In addition, liquid biopsy for the presence of circulating tumor cells at five years post-diagnosis may also help predict late recurrence.

In a 2018 study published in the Journal of the American Medical Association , women who had cancer cells in their blood five years after diagnosis were roughly 13 times more likely to experience a recurrence as those who did not. The finding was significant only for women who had estrogen receptor-positive tumors, and none of the women who had circulating tumor cells in their blood but estrogen receptor-negative tumors experienced a recurrence.

Using liquid biopsies to predict recurrence is still in the investigational stage and not currently used when making decisions on whether or not hormonal therapy should be continued beyond five years.

That said, these findings, along with molecular subtyping offers hopes that doctors will be better able to predict who should receive extended hormonal therapy in the future.

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Understanding Breast Cancer Recurrence

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Australia has one of the best survival rates of breast cancer in the world, with 91% of women surviving at least five years past their diagnosis. New Zealand is not far behind with 88% of women surviving five years past their first diagnosis.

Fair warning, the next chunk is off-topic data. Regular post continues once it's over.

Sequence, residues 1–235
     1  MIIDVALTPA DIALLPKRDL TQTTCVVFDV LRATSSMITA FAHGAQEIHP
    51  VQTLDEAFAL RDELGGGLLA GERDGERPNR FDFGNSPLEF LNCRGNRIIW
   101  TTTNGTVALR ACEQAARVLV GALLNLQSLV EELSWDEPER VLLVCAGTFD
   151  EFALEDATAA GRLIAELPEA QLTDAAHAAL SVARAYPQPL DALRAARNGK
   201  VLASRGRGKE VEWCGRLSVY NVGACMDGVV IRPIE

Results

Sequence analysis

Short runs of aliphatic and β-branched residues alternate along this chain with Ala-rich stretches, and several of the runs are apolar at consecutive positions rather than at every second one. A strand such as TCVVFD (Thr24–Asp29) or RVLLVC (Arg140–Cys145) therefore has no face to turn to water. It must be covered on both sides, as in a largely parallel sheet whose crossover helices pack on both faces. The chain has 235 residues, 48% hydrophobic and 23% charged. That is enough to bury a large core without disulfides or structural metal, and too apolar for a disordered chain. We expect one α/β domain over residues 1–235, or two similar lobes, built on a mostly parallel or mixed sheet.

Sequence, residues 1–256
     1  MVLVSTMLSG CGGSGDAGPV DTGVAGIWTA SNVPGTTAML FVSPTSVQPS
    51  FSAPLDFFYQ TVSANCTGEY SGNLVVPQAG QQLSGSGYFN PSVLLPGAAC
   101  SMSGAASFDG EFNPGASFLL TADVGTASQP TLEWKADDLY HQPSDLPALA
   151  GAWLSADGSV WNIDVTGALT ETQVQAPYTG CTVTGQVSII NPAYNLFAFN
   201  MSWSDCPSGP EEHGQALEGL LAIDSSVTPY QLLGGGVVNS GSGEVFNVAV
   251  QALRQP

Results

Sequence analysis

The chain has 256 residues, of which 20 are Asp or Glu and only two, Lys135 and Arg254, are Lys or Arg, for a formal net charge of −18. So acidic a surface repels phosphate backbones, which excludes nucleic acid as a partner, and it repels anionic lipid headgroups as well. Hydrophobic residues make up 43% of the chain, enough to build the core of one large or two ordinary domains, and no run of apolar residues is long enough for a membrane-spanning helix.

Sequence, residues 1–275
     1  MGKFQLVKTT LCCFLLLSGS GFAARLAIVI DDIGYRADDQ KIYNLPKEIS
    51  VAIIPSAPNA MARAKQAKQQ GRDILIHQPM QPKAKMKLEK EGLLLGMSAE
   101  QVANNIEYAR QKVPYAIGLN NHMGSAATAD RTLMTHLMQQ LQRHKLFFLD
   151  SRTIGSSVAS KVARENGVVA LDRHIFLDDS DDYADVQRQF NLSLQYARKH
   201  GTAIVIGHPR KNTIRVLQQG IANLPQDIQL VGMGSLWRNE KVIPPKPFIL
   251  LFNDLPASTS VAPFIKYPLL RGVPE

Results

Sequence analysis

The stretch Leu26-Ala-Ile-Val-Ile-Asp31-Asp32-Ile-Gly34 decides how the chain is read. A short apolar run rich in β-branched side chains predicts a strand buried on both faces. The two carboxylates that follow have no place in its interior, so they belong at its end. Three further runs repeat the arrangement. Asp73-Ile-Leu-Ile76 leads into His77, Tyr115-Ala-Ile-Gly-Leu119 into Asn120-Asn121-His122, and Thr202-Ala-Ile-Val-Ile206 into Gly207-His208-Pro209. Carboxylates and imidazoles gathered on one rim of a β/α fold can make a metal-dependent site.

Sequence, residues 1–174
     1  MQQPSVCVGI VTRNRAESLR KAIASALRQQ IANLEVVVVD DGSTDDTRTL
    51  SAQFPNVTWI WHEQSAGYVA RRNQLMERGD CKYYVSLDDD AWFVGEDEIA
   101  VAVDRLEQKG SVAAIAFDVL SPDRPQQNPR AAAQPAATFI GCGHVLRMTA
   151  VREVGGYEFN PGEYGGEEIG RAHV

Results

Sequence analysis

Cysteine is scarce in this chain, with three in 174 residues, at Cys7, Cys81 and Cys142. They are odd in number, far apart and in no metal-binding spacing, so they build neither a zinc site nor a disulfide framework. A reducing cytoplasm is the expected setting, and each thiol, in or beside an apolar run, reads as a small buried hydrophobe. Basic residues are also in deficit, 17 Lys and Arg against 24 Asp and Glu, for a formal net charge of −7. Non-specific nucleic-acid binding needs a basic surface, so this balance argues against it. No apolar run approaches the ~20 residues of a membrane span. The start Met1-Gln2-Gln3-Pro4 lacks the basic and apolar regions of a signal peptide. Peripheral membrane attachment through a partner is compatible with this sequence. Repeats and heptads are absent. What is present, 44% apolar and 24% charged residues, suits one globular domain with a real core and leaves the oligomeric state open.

This information may come as a relief for those diagnosed with early stages of the disease, as many recurrences appear within five years after the initial treatment, the exception being ER positive breast cancer, as many recurrences will occur after the first five years as within the first five years. But the fear of recurrence , is a common issue faced by women who have had early stage breast cancer. The chance of recurrence is not the same for all breast cancer patients. Understanding the risk of recurrence for your type of breast cancer may help to ease some anxiety.

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Intrinsic Subtypes And Late Recurrence

A number of different methods have been evaluated for the ability to predict late recurrence. Some of these include: